Heisman Forecast: Oregon's Mariota wins Halfway Heisman

BY foxsports • October 16, 2013

There's no pomp, no circumstance and no intrinsic value to it. But none
of that can dissuade the Heisman Forecaster.

We've
reached the season's midpoint, meaning it's time to name the Halfway
Heisman and the choice would seem to be clear: Oregon's Marcus
Mariota.

The redshirt sophomore quarterback closed
out his first half in resounding fashion, throwing for 366 yards and
three touchdowns and running for 88 yards and another score in the
Ducks' rout of then-No. 16 Washington.

On the season,
Mariota has 25 touchdowns (17 passing and eight rushing) and has yet to
turn the ball over. He's second in the nation in points responsible for
with 150, fifth in pass efficiency (182.4) and sixth in total offense
(358.3 yards per game), making him one of only two players to rank in
the top 10 in all three categories (the other is reigning winner Johnny
Manziel).

The stats are there and the schedule also
sets up well for Mariota, with back-to-back games against No. 9 UCLA
(Oct. 26) and No. 13 Stanford (Nov. 7), plus a likely spot in the
conference title game against.

All that being said,
halfway isn't all the way, as Denard Robinson in 2009 and '10 and Geno
Smith last season can attest. But at this point, Mariota appears well on
his way to becoming the Ducks' first winner and the first for a Pac-12
player who doesn't play for USC since Stanford's Jim Plunkett 43 years
ago.

Before we break down the players who are rising
and those who are falling in the race, here's a look at how the ballot
would likely stack up after Week 7, with the previously fawned over
Mariota at the top.






We'll have the first of
the second half of the season's trophy elimination games as Boyd's
third-ranked Tigers and Winston and the No. 5 Seminoles meet in Death
Valley. If Boyd has a monster game he could challenge Mariota for the
top spot when you consider that he would own two wins over top 5 teams
-- having already beaten then-No. 5 Georgia -- and Winston would rise up
the standings by virtue of the biggest win of any contender based on
opponents' rankings. Regardless of who wins, the ACC figures to have a
legitimate candidate to at the very least get to New York, something it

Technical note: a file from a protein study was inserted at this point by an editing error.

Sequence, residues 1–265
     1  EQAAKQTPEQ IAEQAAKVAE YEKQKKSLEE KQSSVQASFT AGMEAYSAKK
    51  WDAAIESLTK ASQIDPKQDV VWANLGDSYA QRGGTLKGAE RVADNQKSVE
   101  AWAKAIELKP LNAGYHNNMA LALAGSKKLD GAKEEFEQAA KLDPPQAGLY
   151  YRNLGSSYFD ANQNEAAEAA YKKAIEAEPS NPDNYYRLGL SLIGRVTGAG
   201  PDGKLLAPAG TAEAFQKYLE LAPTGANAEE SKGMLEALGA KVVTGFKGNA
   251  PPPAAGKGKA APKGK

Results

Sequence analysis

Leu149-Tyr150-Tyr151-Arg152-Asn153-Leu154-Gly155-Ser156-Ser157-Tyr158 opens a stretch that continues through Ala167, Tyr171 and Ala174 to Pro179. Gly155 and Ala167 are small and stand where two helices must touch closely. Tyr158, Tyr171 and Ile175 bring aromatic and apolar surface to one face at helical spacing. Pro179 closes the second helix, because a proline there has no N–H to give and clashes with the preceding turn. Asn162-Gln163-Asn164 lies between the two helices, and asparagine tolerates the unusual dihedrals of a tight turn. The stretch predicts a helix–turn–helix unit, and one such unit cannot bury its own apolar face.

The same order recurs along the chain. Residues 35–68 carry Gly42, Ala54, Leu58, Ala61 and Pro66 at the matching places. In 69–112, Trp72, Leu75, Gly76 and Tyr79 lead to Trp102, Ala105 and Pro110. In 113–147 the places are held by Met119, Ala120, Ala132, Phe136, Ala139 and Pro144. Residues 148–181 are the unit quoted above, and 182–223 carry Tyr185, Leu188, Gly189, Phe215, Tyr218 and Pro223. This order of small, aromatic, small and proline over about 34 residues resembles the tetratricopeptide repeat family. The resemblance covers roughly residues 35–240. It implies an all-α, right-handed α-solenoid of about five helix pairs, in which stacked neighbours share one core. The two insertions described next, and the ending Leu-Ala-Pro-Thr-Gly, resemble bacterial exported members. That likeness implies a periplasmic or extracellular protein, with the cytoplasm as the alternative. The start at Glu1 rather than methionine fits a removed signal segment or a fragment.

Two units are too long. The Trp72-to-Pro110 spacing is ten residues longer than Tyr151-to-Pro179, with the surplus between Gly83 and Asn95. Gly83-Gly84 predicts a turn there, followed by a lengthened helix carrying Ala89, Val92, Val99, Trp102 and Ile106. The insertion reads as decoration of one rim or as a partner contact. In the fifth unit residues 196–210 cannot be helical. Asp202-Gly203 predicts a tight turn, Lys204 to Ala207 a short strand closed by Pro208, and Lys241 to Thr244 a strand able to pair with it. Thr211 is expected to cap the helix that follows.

hasn't done since Chris Weinke's win in 2000. You know somewhere
commissioner John Swofford is smiling just thinking about
it.



It's been discussed
in this space before,
but the odds of Manziel
winning a second trophy are extremely long for a variety of reasons.
That doesn't mean he's not going to make it interesting, reaching the
7,000-yard plateau in his 19th game last Saturday at Ole Miss, making
him the fastest player in FBS history to hit that mark. This week he'll
get his second crack at a ranked opponent vs. No. 24 Auburn, whose
defense already struggled against one running QB in Mississippi State's
Dak Prescott (213 yards passing; 133 and two TDs rushing). A near-lock
for a return trip to the ceremony as the defending winner, Manziel is on
pace for 4,546 yards of offense, which would be the 32nd highest total
ever or 16 spots and 219 yards higher on the all-time list than Cam
Newton in his winning season of 2010.
 



Named after Tupac Shakur's
character in 'Juice' -- his Twitter feed is a perfect @_GotTheJuiceNow
-- Sankey is making statement after statement in the Pac-12. One week
after becoming the first back to hit 100 yards against Stanford, he did
the same to Oregon, running for 167 yards. That's the most yards the
Ducks have allowed since the Cardinal's Toby Gerhart burned them for 223
on Nov. 7, 2009, a season in which he was the Heisman runner-up.
Already the nation's leader in rushing yards (899) and yards per game
(149.8), Sankey could see those numbers expand as the next three games
include Arizona State (76th vs. the rush), Cal (99th) and Colorado
(86th).





Here's the flip side
of the Boyd-Winston debate. With a massive game with BCS title
implications, the loser is, for all intents and purposes, not going to
win the trophy; there's just no getting around it. Boyd would still have
No. 11 South Carolina in the regular-season finale and Winston has two
top-flight games ahead with No. 10 Miami on Nov. 2 and No. 22 Florida on
Nov. 30, but a win seems out of the question without claiming this
top-5 clash. That doesn't mean the loser couldn't still be a finalist,
but in order to win this award, you need to take advantage of the
spotlight and chances are that spotlight won't burn any brighter than it
will in Memorial Stadium.



That Murray has been
playing without his biggest weapons around him and still led clutch
drives against South Carolina, LSU and Tennessee will help. So too will
his being the SEC's all-time passing yards king, with the total offense
and TD throws records to follow. But Murray's hopes ultimately hinge on
an SEC title and now even emerging from the convoluted East isn't a
certainty after his two-interception and
fumble-that-was-returned-for-a-TD day in the Bulldogs' loss to Missouri.
He'll have chances to impress with No. 22 Florida and No. 24 Auburn
still on the schedule, but Murray won't be able to do much to help his
chances this week against 3-3 Vanderbilt.



Without a marquee opponent
on the schedule it was going to take complete domination each and every
week to keep Bridgewater near the top of this race, and ahead of a game
that could be the Cardinal's toughest of the season, he looked shaky.
The junior threw an end zone interception and fumbled in the fourth
quarter as Louisville edged Rutgers. He can climb back into contention
with a big night Friday against UCF -- which is 3-0 on the road, beat
Penn State and hung with No. 11 South Carolina before losing by three --
but Bridgewater can't afford another setback in a candidacy that is
already being marginalized due to things out of his control.


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